How times change at Durham University | Letters | Education

Your article (Students from northern England facing ‘toxic attitude’ at Durham University, 19 October) highlights behaviours that are unacceptable and entirely at odds with our values as a university. I met Lauren White shortly after receiving her report and we will be taking appropriate action.

Durham University believes everyone has the right to study and work in a respectful environment. The vast majority of our community has a positive experience. We do, however, realise we need to do better.

The recent report by our Durham commission on respect, values and behaviour has established what it is like to work and study here, and identifies how we can create positive change. The recommendations of the report are being reviewed and implemented.

We have a number of programmes to encourage students from the north-east of England to apply to Durham or other universities, including our Durham Inspired north-east scholarships and our Levelling Up: Aspire Higher programmes.

We are also proud to be tackling the underrepresentation of women in the tech industry through our Women in Tech programme, championed by Professor Sue Black.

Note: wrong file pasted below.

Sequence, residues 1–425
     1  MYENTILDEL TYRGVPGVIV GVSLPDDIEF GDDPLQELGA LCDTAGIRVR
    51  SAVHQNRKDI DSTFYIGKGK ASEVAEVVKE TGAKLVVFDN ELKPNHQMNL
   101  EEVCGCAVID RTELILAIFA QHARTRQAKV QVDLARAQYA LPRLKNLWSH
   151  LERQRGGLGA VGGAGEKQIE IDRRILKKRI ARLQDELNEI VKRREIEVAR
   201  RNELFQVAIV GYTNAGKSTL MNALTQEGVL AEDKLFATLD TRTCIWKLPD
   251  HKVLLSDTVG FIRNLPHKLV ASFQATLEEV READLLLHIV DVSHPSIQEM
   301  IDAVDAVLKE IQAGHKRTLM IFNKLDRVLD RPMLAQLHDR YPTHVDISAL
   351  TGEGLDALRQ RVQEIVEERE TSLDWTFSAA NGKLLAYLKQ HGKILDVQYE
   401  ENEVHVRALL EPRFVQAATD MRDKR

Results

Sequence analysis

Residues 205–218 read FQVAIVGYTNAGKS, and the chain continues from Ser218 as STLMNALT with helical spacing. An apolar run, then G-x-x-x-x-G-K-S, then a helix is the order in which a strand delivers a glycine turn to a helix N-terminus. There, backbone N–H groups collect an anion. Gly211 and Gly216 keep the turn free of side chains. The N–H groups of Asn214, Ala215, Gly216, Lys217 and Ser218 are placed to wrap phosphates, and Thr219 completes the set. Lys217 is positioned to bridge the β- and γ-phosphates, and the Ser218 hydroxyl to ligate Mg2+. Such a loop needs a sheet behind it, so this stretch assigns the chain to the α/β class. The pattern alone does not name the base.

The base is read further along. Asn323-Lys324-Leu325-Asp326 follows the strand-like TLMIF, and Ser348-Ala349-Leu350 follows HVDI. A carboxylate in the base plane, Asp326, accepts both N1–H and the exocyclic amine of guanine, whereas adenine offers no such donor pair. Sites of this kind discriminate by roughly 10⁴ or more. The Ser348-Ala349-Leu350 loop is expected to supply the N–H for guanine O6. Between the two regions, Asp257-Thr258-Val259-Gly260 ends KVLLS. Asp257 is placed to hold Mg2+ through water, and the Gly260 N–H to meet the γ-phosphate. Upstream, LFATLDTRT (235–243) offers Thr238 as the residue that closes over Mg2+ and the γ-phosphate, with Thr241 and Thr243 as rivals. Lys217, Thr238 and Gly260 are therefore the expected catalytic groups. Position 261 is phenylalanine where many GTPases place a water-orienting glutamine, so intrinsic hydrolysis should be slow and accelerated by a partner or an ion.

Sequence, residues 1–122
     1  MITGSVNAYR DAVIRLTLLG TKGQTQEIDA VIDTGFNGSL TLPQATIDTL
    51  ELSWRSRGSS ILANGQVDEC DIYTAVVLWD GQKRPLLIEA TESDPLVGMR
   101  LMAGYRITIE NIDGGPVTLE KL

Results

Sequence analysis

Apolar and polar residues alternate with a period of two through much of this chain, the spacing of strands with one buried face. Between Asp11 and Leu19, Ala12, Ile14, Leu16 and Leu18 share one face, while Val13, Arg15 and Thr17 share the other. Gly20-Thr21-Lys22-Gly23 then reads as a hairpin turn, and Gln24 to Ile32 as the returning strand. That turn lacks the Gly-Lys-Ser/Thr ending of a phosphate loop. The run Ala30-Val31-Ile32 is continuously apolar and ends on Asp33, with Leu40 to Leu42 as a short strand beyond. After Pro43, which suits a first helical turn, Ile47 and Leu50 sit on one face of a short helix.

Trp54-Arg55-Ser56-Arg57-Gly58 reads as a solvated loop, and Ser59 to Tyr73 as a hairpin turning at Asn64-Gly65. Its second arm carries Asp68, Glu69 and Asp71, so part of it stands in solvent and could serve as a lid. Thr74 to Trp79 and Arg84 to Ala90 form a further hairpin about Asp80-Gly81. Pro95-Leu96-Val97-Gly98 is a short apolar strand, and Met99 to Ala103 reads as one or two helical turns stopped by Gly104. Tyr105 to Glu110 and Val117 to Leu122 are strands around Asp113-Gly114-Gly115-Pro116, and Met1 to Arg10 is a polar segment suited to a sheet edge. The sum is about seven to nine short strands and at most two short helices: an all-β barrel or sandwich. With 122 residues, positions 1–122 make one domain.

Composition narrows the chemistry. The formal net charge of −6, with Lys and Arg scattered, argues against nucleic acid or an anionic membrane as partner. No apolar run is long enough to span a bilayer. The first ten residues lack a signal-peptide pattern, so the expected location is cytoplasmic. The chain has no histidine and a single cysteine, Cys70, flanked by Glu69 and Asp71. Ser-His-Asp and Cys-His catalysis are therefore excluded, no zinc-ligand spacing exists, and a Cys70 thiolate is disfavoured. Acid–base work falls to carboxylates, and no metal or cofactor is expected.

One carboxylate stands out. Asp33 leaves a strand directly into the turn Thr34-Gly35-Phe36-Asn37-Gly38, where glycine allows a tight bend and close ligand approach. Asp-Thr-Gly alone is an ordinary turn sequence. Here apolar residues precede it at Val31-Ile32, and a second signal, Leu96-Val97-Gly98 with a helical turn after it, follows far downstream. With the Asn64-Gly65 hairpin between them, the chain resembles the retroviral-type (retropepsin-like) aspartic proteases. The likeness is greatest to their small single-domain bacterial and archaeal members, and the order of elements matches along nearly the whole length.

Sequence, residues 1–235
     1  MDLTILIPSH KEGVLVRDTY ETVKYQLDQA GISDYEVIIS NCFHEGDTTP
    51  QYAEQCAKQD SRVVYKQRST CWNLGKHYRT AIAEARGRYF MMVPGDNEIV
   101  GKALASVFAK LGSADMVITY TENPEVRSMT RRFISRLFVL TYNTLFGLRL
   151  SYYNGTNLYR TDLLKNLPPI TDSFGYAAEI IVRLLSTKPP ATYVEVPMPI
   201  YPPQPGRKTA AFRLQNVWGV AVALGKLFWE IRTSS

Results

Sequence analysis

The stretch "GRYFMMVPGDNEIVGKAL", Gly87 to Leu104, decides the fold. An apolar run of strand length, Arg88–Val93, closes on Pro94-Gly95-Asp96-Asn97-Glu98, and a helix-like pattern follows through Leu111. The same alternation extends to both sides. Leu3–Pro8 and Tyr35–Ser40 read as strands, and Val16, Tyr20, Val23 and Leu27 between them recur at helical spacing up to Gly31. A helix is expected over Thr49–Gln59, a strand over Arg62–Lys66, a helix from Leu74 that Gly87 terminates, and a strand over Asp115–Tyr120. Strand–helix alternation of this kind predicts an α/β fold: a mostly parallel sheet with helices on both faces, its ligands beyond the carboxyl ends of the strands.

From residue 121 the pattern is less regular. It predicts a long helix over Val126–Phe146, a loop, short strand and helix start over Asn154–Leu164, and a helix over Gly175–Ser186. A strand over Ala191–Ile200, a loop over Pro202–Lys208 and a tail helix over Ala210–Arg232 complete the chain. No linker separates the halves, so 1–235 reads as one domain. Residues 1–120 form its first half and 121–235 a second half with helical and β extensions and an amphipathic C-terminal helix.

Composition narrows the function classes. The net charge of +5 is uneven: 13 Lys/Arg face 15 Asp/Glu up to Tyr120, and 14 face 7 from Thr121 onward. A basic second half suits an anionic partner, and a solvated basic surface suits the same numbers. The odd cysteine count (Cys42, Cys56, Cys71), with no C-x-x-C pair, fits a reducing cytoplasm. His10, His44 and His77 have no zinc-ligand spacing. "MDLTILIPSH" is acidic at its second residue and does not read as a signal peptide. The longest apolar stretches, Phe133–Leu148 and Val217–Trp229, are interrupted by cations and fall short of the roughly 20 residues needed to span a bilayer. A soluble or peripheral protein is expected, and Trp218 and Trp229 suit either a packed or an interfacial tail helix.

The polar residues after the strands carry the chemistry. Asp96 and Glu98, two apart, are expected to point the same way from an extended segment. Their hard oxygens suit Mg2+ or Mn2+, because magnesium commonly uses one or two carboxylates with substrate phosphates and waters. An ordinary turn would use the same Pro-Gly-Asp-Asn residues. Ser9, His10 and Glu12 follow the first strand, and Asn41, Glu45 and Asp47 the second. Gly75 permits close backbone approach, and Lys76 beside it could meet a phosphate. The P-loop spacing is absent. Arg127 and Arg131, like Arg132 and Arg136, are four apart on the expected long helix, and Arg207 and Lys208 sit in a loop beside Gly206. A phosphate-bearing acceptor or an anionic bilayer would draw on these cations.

Our responsibility to provide all students with an exceptional educational experience and transformed life chances is something to which my colleagues and I remain deeply committed.
Prof Stuart Corbridge
Vice-chancellor and warden, Durham University

Your article and the letters (20 October) that followed reminded me how quickly Durham University’s intake began to change after my years there as an undergraduate. A friend who stayed on in Durham for his PhD alerted me to this. He reported that the tutors had been rubbing their hands in glee at the increase in applications to our college from public school pupils. In our years as undergraduates, the college had a very full quota of local lads.

By the 1960s, Durham must have seemed to offer one of the closest answers to the aspirations of public schoolboys if places at Oxbridge were unobtainable. I am far from convinced this was a trend that Durham should have welcomed.
David Hellawell
Professor emeritus in education management, Birmingham City University

In the 1960s, Durham was full of students from “ordinary” homes like my own and resonant with Durham and Yorkshire accents. I spent three happy years at St Mary’s College and was never made to feel judged on my background.
Rev Avril Ford
Horncastle, Lincolnshire

Source Article